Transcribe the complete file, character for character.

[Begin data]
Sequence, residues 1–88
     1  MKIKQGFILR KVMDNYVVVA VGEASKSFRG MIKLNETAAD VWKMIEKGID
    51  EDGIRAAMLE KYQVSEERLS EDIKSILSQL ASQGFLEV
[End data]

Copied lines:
Sequence, residues 1–88
     1  MKIKQGFILR KVMDNYVVVA VGEASKSFRG MIKLNETAAD VWKMIEKGID
    51  EDGIRAAMLE KYQVSEERLS EDIKSILSQL ASQGFLEV